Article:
what to do with so I cram mason
jars with cookies, craft mix
tapes full of Americana punk, leaf
through used bookstores, looking
for a taste you never savored, songs you never
heard, books you never read and maybe
I can give you that instead of my feelings.
SapiosexualI don’t know what I’ll doSapiosexual1 year ago in Free Verse More Like This
when the first fistful
of dirt hits the bottom.
Maybe I’ll follow you to the grave.
Or maybe I’ll pray
for a zombie apocalypse,
so we can dine on each
other’s brains one more time.
God is a hipster.God went to StarbucksGod is a hipster.2 years ago in Free Verse More Like This
because the Wi-Fi signal in
heaven is crap. He pulls
an HP out of the laptop bag and
rolls His eyes at the kid lugging
in a typewriter. He clicks on Word
because He never really stopped
creating – He has more furniture
than He knows what to do with
and no wall space left for His canvases.
He likes Word – His Word – because
it reminds Him of another beginning,
before time, before space, before everything.
Caramel and AshesI named my first child after my favorite breakfast; Nichole, oatmeal sprinkled with cinnamon and cashew pieces. Sensible, but sweet, she wore turtlenecks and flats all throughout high school. My second, James, was like the lunch I had every other day in college – provolone and turkey on sourdough. Sturdy, hardy, jack of all trades. James could build a new clock just as easily as fixing the old one.Caramel and Ashes1 year ago in Flash Fiction & Vignettes More Like This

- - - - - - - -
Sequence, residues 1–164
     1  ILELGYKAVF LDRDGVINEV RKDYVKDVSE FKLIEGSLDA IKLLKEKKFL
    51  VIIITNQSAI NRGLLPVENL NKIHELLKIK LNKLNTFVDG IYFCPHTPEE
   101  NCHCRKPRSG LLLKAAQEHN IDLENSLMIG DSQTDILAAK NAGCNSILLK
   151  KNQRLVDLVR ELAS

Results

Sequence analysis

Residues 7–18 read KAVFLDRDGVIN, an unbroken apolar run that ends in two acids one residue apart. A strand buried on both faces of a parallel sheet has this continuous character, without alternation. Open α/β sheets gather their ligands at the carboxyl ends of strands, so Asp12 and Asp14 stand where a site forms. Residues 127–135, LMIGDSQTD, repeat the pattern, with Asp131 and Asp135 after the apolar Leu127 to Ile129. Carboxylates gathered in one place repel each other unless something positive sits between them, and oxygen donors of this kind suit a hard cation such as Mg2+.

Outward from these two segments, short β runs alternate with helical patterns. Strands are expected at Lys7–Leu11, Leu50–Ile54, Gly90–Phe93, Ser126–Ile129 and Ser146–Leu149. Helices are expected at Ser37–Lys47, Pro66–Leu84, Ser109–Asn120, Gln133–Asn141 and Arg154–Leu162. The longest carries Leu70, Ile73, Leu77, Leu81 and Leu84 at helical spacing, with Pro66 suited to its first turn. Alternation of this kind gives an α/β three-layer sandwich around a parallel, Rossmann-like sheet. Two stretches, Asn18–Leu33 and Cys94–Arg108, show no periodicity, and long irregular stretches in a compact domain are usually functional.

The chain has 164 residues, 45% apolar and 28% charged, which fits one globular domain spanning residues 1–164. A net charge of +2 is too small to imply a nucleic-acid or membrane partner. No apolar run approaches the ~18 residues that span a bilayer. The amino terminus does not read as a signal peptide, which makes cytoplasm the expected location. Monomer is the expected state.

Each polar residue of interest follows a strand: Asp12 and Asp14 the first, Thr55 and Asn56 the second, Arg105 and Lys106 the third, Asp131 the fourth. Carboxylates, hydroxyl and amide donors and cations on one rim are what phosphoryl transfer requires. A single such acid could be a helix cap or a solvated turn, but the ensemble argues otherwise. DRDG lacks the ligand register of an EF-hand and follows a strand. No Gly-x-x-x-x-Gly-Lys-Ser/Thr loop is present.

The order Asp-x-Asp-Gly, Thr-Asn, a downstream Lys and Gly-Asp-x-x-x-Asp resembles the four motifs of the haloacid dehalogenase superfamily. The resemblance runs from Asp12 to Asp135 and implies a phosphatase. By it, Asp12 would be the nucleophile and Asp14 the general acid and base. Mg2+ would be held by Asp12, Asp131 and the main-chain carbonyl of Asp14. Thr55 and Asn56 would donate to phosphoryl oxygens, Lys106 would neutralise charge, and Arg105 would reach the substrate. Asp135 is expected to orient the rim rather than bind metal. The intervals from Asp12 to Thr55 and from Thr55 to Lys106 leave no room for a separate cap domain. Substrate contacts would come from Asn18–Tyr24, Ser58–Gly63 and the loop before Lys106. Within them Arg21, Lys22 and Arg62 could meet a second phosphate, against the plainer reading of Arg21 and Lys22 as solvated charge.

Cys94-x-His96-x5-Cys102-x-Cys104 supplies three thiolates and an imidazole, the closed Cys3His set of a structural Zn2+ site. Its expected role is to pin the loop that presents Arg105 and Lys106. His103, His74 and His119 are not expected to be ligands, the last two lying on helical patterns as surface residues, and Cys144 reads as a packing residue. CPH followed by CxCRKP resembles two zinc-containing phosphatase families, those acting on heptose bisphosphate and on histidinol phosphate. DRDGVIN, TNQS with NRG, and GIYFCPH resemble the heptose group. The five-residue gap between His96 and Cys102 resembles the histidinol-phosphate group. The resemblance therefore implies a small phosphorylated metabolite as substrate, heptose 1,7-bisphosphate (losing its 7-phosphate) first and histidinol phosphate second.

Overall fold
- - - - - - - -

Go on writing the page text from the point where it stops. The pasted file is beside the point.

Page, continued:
People keep asking me to taste their names. Like names are ice cream cones, and I’m the only one that gets a lick. Strangers in the hallways know about the girl who eats names like potato chips and aren’t shy about asking how do I taste, Willow? Like I haven’t heard that innuendo before.
My third, Willow, inherited my gift. Willow was bittersweet; sea salt, caramel, a little rosemary. She’s a lot like her father. She named the cat Zion for being a combination of her favorite flavors – lemon-lime, vanilla, and grapefruit.
I don’t know if the ta
Stories of feelings with no names - Revision i.Stories of feelings with no names - Revision2 years ago in Short Stories More Like This
The feeling you get the day after sending a letter, and you know there is no possible way that the recipient has received your message, let alone formulated time to write a reply. You still get just a little hopeful when you hear the mailman drive by. You rush out to the postbox a little too quickly and are disappointed by the pile of free coupons, bills, charity flyers, and a late Christmas card from your late Grandma Moses.
You lost your voice one day. You woke up to a hollow echo in the base your throat and knew you’d lost something special before you’d ever had a chance to say anything worthwhile. You checked under the bed and tried the lost and found, but couldn’t even ask if anyone had heard it lately.
A sudden awareness that occurs during funerals that you are going to die. You are dying right now – your cells are shedding like snakeskin and your hair is turning silver and every moment is one less than